So a few people have taken a look at ORMDroid since my previous blogs, and the feedback I’m getting most often is along the lines of “Sure, there’s some simple example snippets, but I want a complete, compilable, runnable example!” With this in mind, I’ve thrown together a very basic Android app that uses ORMDroid as it’s persistence framework. Like ORMDroid itself, it’s only in SVN for the moment, but you can browse the code online in the Google Code repository (Edit: Moved to Github), or check it out to build locally:

# git clone https://github.com/roscopeco/ormdroid-example.git

The sample app is a very simple address-book-type app that has a list of people and departments, with each person belonging to a department. It supports the basic CRUD operations, and gives a basic working example of ORMDroid in action.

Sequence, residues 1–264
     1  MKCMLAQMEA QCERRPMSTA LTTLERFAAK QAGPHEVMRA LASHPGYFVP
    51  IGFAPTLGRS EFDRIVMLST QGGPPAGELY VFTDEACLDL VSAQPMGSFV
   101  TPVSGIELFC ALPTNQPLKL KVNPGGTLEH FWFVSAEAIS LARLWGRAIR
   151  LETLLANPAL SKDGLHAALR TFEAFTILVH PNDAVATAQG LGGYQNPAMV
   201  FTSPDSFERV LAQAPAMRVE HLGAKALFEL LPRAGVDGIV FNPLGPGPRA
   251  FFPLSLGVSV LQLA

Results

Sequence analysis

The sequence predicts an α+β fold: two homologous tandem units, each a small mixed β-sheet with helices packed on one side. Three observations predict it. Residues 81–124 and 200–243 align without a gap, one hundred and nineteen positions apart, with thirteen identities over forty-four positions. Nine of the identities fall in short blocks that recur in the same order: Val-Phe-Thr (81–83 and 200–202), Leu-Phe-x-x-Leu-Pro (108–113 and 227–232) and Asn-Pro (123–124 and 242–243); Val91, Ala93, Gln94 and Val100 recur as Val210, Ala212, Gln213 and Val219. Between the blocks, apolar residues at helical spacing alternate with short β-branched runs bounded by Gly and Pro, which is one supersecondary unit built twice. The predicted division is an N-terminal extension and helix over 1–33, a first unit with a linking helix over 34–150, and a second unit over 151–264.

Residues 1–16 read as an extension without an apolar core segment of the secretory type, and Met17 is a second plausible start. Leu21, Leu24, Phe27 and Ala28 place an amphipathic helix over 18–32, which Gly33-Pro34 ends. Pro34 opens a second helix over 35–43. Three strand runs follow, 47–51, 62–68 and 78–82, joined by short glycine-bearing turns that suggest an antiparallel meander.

A few things to note about the sample app:

  • It’s not pretty – It’s targeted at API 8 (ORMDroid’s minimum API level) and doesn’t have any kind of fancy UI, in order to keep the code simple. In fact, the UI is singularly awful (especially on newer devices), but that’s not the point!
  • It’s not clever – It just shows ORMDroid in use – it doesn’t necessarily exemplify best practices, and it has almost zero error handling. Over time it will be updated to at least check the best-practice box.
  • But it’s a start! If nothing else, it gives a template project off which you can base your own.

The second point above probably requires a bit of expansion. We all know that to make robust apps we need to be making reasonable checks for unexpected conditions, so we’ll just gloss over the error-handling aspect. But in terms of best practices, the sample app does all kinds of evil things, like blithely loading arbitrary object graphs into ArrayAdapters. On the UI thread no less. This is obviously not the kind of behaviour we want to endorse.